China’s investments in blockchain and information technology may result in the nation vaulting over others to create a “global blockchain with Chinese characteristics,” according to Brian Behlendorf, executive director of Hyperledger.
“China realized that [blockchain] is a technology that’s not just enabling, it’s transforming, and is a way to leapfrog other countries in the establishment of trustworthy information systems and trustworthy economies, something where I think China’s actually been fairly honest has been a challenge for them,” said Behlendorf, in an interview with Forkast.News.
Hyperledger is working with China Academy of Information and Communications Technology (CAICT) and a number of the country’s academic and regulatory agencies to help educate them about blockchain with the aim to increase adoption.
In April, China launched its Blockchain-based Service Network (BSN) — a national blockchain platform led by the State Information Center. BSN is designed to foster a global infrastructure network to create blockchain applications faster and cheaper and to help secure supply chains.
“That’s paid off in their adoption of Hyperledger Fabric in the BSN and in other ways,” Behlendorf said. “I remember telling them once, all this technology is open source. You can certainly create your own releases of it, your own distributions, then you can give it global blockchain, but with Chinese characteristics.”
Hyperledger is an enterprise-grade blockchain protocol designed to help automate business processes without the need for a central authority.
Watch Forkast.News Editor-in-Chief Angie Lau’s interview with Behlendorf — who will be a featured speaker during Singapore Blockchain Week, which starts July 21 — to learn more about how Hyperledger is working with China on blockchain, Covid’s impact on the sector, and more.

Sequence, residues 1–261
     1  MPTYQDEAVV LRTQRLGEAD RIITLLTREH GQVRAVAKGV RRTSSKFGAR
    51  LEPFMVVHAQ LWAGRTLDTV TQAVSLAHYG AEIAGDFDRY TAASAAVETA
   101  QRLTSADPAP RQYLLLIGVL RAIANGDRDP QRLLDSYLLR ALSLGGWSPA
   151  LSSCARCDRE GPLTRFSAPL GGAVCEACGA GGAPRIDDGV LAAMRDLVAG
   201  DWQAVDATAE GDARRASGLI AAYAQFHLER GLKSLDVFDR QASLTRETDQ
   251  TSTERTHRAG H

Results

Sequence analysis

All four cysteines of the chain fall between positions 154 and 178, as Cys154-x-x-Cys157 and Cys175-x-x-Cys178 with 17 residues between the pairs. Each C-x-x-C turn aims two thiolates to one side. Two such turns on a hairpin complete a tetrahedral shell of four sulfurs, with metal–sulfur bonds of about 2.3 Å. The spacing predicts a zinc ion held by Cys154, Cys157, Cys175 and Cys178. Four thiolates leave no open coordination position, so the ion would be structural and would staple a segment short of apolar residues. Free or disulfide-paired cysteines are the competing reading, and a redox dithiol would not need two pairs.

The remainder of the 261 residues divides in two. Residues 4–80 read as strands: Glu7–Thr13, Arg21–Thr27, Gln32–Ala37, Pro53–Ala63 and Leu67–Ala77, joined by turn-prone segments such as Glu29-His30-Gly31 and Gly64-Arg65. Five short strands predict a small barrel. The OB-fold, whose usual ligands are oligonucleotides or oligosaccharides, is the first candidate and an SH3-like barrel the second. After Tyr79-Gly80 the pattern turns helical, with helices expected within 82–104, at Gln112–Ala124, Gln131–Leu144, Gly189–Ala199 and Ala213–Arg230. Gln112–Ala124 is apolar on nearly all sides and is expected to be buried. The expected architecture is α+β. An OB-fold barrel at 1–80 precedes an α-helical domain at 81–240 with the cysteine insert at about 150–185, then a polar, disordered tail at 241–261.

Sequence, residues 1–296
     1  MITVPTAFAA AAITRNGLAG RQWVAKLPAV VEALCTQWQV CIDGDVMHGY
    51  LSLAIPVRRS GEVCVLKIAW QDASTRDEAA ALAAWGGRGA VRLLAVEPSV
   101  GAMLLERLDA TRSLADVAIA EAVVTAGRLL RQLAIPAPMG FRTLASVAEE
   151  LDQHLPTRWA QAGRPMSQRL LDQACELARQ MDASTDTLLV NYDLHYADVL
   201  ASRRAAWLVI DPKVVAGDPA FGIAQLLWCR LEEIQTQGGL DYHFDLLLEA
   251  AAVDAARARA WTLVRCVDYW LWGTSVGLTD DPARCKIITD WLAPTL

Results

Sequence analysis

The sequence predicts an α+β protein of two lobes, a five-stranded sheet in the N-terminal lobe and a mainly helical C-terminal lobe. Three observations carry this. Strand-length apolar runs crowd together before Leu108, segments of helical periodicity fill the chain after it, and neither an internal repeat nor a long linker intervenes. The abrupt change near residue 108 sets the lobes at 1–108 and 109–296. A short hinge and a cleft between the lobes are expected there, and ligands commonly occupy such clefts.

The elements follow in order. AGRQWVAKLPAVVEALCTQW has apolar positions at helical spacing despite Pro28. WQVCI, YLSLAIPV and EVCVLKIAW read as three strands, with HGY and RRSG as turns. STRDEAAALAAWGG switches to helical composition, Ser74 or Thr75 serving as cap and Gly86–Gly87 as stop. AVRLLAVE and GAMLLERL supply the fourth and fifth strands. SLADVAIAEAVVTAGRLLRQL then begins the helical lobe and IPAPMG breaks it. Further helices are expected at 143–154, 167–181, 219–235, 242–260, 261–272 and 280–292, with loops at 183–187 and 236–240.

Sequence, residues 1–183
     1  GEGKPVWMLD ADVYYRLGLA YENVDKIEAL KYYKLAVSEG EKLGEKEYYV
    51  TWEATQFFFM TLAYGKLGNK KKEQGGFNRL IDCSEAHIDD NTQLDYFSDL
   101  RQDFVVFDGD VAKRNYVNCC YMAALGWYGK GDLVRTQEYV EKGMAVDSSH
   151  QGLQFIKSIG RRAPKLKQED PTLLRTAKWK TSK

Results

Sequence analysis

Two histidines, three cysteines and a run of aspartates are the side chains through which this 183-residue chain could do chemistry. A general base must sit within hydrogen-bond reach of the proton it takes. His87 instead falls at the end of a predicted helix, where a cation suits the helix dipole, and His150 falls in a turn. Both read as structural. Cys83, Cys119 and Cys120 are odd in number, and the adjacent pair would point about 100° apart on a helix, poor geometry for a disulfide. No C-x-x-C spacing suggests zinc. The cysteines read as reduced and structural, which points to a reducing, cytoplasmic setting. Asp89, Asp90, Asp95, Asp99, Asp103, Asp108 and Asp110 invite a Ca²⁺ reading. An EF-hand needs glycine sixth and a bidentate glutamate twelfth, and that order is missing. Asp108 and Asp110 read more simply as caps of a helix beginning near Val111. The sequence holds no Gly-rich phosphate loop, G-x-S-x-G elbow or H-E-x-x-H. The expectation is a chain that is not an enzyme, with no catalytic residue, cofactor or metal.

- How Covid has affected blockchain development: “Well, before the pandemic happened, I would pretty much say this past year, 2019, was the moment where there was really this inflection point, a pivot point to moving into production. And I think this past year, a lot of that got wiped away.”
- On private vs. public blockchains: “We’ve always thought that there is never going to be just one blockchain, or even just one protocol, that the world was going to be made up of, this web of lots and lots of different networks for different purposes.”
- Regarding the need for governance in blockchain: “A lot of folks in the blockchain space believe that human governance is a bug and automation is there to fix it. I’ve got news for them: human governance is essential to making all this work.”
- China’s blockchain ambitions: “China realized that this is a technology that’s not just enabling, it’s transforming, and is a way to leapfrog other countries in the establishment of trustworthy information systems and trustworthy economies.”
- Staying above politics: “Ultimately what we’re building is designed to last longer than any U.S. president, designed to last longer than any Chinese premier. Those governments will turn over, but these technologies are here to stay, and no better way to make this a coming together of equals and peers than to really foster the development of a supply chain network that spans from factories in China to consumers in the West and perhaps even all the way back to the source of the raw materials in Asia and Africa and other places.”
Angie Lau: Welcome to Word on the Block, the series that takes a deep dive into blockchain, crypto, DLT, and the emerging technologies that shape our world at the intersection of business, economy, and politics. It’s what we cover right here on Forkast.News. I’m Editor-in-Chief and your host, Angie Lau.